2. Students must write all tests at the specified date and time. Missed tests, in-class/online activities, assignments and presentations are awarded a mark of zero. If an extension or make-up opportunity is approved by the professor as outlined below, the mark of zero may be revised by subsequent performance. The penalty for late submission of written assignments is a loss of 10% per day for up to five business days (excluding weekends and statutory holidays), after which, a grade of zero is assigned. Business days include any day that the college is open for business, whether the student has scheduled classes that day or not.
3. Students who miss a test or in-class/online activity or assignment or fail to submit an assignment on time due to exceptional circumstances are required to notify their professor in advance of the class whenever possible. A make-up test may be supplied for students who provide an acceptable explanation of their absence and/or acceptable documentation explaining their absence (e.g., a medical certificate). All make-up tests are to be written at a time and place specified by the professor upon the student┐s return. Alternately, students may be given an opportunity to earn the associated marks by having a subsequent test count for the additional marks. Exceptional circumstances may result in a modification of due dates for assignments.
4. Unless otherwise specified, assignments and projects must be submitted at the date and time specified by the instructor.
5. Students must complete every assignment as an individual effort, unless the professor specifies otherwise.
6. Since there may be instances of grade appeal or questions regarding the timely completion of assignments and/or extent of individual effort, etc., students are strongly advised to keep, and make available to their professor, if requested, a copy of all assignments and working notes until the course grade has been finalized.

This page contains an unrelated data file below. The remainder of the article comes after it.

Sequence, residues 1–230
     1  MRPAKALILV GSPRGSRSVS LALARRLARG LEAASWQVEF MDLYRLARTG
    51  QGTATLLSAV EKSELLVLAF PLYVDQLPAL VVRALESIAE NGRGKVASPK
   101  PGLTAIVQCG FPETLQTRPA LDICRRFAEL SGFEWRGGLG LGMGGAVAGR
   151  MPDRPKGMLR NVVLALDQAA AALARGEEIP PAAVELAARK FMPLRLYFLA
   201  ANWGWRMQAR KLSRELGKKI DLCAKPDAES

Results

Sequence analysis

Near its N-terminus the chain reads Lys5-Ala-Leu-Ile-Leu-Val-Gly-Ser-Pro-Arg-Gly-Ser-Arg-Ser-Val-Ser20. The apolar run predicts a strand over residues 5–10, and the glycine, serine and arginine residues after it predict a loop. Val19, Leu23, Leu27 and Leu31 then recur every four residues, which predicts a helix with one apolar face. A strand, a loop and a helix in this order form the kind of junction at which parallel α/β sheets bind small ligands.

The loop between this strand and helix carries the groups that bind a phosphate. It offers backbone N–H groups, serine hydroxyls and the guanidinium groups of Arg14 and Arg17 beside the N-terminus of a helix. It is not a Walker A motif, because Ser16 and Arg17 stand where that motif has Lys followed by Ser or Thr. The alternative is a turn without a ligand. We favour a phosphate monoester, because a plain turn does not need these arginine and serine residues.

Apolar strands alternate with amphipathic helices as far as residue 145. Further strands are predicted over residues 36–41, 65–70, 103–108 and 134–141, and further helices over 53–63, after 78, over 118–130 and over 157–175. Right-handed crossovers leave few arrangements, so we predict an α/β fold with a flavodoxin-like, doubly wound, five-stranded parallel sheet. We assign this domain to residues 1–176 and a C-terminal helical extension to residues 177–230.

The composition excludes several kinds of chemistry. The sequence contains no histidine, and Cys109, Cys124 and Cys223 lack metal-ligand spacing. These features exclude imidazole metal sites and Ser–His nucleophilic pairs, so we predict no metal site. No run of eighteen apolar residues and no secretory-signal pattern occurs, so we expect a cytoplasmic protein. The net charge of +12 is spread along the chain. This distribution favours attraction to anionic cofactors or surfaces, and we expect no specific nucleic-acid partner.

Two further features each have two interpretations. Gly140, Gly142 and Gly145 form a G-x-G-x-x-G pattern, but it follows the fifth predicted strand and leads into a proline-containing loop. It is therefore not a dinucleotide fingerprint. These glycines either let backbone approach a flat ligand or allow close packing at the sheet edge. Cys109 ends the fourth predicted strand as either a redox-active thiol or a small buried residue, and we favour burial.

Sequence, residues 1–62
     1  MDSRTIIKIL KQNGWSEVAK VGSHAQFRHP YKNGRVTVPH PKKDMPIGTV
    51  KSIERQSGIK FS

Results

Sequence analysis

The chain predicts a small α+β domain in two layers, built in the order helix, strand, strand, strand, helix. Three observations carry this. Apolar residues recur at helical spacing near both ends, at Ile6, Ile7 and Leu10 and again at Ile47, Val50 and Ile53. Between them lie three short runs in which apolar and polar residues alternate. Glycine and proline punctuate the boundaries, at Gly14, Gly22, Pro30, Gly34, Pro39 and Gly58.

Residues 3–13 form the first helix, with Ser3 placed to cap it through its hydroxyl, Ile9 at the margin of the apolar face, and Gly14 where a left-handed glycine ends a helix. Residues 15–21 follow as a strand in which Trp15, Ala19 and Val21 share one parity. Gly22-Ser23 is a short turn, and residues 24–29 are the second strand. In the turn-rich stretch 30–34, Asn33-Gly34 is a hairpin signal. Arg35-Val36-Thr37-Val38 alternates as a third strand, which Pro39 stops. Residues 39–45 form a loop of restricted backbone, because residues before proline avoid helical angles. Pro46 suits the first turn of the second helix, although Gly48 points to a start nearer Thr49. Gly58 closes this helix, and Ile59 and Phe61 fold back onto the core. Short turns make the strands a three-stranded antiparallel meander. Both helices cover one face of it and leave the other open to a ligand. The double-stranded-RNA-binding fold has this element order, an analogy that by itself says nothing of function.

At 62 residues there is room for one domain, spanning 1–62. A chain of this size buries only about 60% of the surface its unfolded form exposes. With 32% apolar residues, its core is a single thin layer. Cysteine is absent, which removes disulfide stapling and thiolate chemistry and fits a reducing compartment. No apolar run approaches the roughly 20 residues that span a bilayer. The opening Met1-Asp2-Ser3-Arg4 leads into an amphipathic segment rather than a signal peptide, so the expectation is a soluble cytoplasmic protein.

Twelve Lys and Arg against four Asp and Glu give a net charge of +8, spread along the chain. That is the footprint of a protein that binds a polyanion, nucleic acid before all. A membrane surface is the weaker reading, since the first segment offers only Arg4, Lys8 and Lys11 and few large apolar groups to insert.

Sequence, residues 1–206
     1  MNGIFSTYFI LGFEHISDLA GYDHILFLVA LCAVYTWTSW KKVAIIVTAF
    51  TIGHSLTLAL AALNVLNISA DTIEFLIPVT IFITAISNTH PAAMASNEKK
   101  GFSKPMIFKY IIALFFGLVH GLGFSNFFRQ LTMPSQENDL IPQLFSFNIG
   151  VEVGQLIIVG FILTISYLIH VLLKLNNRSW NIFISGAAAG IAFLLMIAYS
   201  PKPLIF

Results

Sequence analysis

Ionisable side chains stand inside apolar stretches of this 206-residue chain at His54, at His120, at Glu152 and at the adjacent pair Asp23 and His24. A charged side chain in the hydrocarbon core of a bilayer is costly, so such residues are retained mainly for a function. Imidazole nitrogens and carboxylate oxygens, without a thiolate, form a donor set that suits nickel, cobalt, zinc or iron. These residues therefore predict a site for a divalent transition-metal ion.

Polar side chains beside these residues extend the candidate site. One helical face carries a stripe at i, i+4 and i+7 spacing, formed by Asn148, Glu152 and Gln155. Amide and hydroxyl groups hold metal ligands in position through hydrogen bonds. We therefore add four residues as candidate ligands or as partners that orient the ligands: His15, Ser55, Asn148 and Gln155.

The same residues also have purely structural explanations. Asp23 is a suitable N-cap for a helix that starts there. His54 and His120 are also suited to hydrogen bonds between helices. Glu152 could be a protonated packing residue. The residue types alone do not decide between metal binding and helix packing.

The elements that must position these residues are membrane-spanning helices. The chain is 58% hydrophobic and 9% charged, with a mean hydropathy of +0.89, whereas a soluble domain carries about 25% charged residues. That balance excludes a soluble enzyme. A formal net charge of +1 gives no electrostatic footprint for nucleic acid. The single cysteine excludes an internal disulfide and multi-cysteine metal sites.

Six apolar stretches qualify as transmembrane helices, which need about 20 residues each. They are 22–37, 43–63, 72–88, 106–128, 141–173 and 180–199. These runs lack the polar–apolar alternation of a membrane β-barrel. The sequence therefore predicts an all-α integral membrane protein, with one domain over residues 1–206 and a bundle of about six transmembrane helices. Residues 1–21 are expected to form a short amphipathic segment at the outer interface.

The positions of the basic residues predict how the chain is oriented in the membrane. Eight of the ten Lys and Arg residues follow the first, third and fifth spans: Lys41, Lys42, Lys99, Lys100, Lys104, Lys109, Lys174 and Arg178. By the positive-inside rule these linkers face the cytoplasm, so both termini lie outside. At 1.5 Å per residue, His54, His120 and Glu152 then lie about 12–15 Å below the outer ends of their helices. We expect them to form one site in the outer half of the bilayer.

7. There will be no resubmission of work unless this has been previously agreed to or suggested by the professor.
8. Students must submit all assignments in courses with practical lab and field components in order to pass the course.
The course meets the following Ministry of Training, Colleges and Universities requirements:
Prior Learning Assessment and Recognition
PLAR Contact (if course is PLAR-eligible) - Office of the Registrar
| Section III: Topical Outline
Some details of this outline may change as a result of circumstances such as weather cancellations, College and student activities, and class timetabling.
Instruction Mode: In-Class
Professor: Multiple Professors
|Required||Textbook||The Art of Evaluation: A Resource for Educators and Trainers, T.J. Fenwick and J. Parsons, 2nd Edition, ISBN 978155071664, 2009|
|Optional||Textbook||Publication Manual of the American Psychological Association, American Psychological Association, 6, ISBN 9781433805592, 2009, Students are expected to refer to the APA manual throughout the course when sourcing information.|
Applicable student group(s): Adult Education Program
Module 1 - Course Orientation
- Assessment and Evaluation: An overview
- Principles of Evaluation
- Impact of evaluation on learner
- READINGS: Chapter 1
Module 2 - Planning Unbiased Evaluation
- Your philosophy of evaluation
- READINGS: Chapter 2-3
Module 3 - Developing Evaluation Criteria
- Criteria definition
- Styles of referencing
- Reliability / validity
- READINGS: Chapter 4-5
Module 4 - Creating Dynamic Assessments
- Methods of assessment
- Elements of marking instruments
- Evaluation rubrics using sound criteria
- READINGS: Chapter 11, Chapter 15
Module 5 - Evaluating for Grades vs. Non-Graded Evaluation
- Strategies and issues in alternative evaluations
- READINGS: Chapter 14